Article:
Statement of Commissioner Christy Goldsmith Romero: Keeping the Lights and Heat on in America
Energy and Environmental Markets Advisory Committee, Washington, DC
November 13, 2023
Remarks as Prepared for Delivery
I am pleased to be here with the members of the Energy and Environmental Markets Advisory Committee in Washington, D.C. The last time I saw you, we were all standing outside on the edge of one of our nation’s largest copper mines in Utah. I thank Commissioner Mersinger for her vision for this committee to have that real world, field experience, and Lauren Fulks for coordinating these events.
Power Markets and Related Derivatives Markets Matter to Households
I look forward to hearing the update on the state of power markets. Power and related energy markets are necessary for American families and small businesses to keep the lights on, stay cool in the summer, and warm in the winter. These markets matter to families and businesses. This summer, record heat drove up wholesale power prices to as high as $5,000 per megawatt hour, 100 times the normal price. The Texas grid set 10 all-time peak-demand records.
We know that winter is coming—a winter marked by El Nino. In 2021, grid failures caused by Winter Storm Uri cost more than 200 lives in Texas and left more than 4 million homes without power. The North American Electric Reliability Corporation has warned that much of North America is at elevated risk for having insufficient energy supplies if there is extreme weather this winter.
In order to keep the lights and heat on, there are several ways to strengthen our nation’s resilience against these type of severe climate events that can impact our nation’s power grid—ways that require a coordinated approach across the government. One of those with potential promise is artificial intelligence—bear with me as I sponsor the CFTC’s Technology Advisory Committee that looks at emerging technologies including AI. Under President Biden’s recent Executive Order on the Safe, Secure, and Trustworthy Development and Use of Artificial Intelligence, the Department of Energy, the Federal Energy Regulatory Commission and others have been directed to “issue a public report describing the potential for AI to improve planning, permitting, investment, and operations for electric grid infrastructure, and to enable the provision of clean, affordable, reliable, resilient, and secure electric power to all Americans.” Additionally, the executive order on AI discusses the Department of Energy’s ability to partner to build foundation models that enhance grid reliability and resilience.
Properly regulated markets also create opportunities to strengthen resilience, to help build reliability, and reduce power prices for households. In the short term, rising power prices may act as a signal to reduce or shift unnecessary demand, avoiding blackouts, like Texas did this summer. In the longer term, higher prices could lead to investments in new energy sources, including with government incentives through the Inflation Reduction Act.
Well-functioning derivatives markets can help manage risks of the major projects that states and utilities are pursuing to meet their goals of cleaner and more resilient power markets. Larger projects by states and companies, like offshore wind turbines, require borrowing over many years. The ability to use derivatives markets to hedge risks like changing interest rates will help project developers make investments with confidence.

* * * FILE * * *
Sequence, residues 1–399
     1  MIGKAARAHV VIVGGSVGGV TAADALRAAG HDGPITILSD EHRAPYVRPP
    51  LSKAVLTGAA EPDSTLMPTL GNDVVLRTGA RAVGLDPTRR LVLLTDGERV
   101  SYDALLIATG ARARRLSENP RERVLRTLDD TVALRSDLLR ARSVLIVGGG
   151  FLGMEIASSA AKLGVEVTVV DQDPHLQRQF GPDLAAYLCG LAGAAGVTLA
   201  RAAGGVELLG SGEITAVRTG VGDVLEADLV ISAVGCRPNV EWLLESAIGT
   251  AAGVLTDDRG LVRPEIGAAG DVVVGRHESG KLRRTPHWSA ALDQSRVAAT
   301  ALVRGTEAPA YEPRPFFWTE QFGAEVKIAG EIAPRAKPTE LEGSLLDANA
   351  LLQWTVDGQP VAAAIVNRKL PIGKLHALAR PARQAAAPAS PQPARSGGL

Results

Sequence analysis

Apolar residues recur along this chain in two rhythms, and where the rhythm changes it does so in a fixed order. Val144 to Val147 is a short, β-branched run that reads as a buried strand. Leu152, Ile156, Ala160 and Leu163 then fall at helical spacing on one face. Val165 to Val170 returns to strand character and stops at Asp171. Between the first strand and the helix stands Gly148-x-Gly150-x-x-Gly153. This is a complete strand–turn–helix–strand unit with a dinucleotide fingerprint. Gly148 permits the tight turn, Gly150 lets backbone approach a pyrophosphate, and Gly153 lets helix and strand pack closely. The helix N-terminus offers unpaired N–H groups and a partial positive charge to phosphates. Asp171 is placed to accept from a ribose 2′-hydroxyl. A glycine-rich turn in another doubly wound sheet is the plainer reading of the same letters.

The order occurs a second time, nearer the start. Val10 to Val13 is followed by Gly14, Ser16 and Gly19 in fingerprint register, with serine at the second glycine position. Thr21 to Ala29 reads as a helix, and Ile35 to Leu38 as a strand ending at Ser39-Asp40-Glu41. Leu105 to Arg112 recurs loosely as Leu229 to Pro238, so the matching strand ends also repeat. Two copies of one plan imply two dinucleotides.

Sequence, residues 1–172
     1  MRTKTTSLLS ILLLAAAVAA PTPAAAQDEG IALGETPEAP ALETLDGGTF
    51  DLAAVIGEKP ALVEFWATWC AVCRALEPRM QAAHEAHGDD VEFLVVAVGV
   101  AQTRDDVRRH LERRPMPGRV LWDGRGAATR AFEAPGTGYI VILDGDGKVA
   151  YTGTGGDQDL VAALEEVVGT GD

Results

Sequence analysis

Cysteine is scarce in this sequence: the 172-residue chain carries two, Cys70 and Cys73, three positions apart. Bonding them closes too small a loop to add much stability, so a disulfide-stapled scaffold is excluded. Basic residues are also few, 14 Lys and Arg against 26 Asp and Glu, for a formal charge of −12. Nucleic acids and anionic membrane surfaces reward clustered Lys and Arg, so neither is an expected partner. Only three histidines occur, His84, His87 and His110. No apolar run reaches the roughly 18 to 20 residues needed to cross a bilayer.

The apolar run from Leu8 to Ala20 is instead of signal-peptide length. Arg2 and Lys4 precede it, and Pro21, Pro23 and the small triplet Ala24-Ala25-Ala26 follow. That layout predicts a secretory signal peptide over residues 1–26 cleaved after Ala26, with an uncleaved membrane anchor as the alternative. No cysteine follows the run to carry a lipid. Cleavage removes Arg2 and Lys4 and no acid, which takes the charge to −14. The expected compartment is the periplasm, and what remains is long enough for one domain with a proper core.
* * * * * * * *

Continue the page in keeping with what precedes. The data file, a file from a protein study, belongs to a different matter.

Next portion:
Additionally, this year marks a new record for global adoption of renewables, with over 500 gigawatts of capacity added. A study published in Nature Communications last month recognized the growing potential of solar power, with its declining costs, while recognizing challenges such as intermittent generation and storage costs. I hope to hear about how the power markets are changing as the adoption of renewable energy continues to accelerate.
Investment in solar power, wind turbines, or storage batteries requires critical metals and minerals, like copper, lithium, and cobalt. As mineral markets grow, prices may rapidly shift. After lithium prices spiked in 2022, they have fallen by nearly 70%. New lithium futures contracts in 2023 shows the interest market participants have in using derivatives to manage this kind of price volatility.
The CFTC’s Role Is to Make Sure That Derivatives Markets Work for Those Who Need Them
If the CFTC meets its mission and ensures integrity in these markets, it means consumers can be confident that prices for food, fuel and power are not artificially inflated. Our enforcement program polices fraud and manipulation, including through our new Environmental Fraud Task Force. Our Division of Market Oversight monitors and surveils markets. If we see spiking power and energy prices this winter, the CFTC should study market forces and the specific trading that drove these spikes to determine whether the prices are driven by market fundamentals of supply and demand. I have been calling for us to do deep dive studies in certain cases where there is extreme volatility or spikes in prices.
Thank you to all the members for your service, and your continued attention to these critical issues.
 North American Electric Reliability Corporation, 2023-2024 Winter Reliability Assessment (Nov. 8, 2023), https://www.nerc.com/news/Pages/Generator-Fuel-Supplies,-Power-Plant-Winterization,-Load-Forecasting-Complexity-Increase-Reliability-Risk-in-North-America-.aspx.
 White House, Executive Order on the Safe, Secure, and Trustworthy Development and Use of Artificial Intelligence (Oct. 30, 2023), Executive Order on the Safe, Secure, and Trustworthy Development and Use of Artificial Intelligence | The White House.
 Bloomberg News, Battery Metals Lose Luster as Surge in Supply Outpaces Demand, (Nov. 5, 2023) https://www.bloomberg.com/news/articles/2023-11-06/lithium-nickel-battery-metals-lose-luster-as-surge-in-supply-outpaces-demand.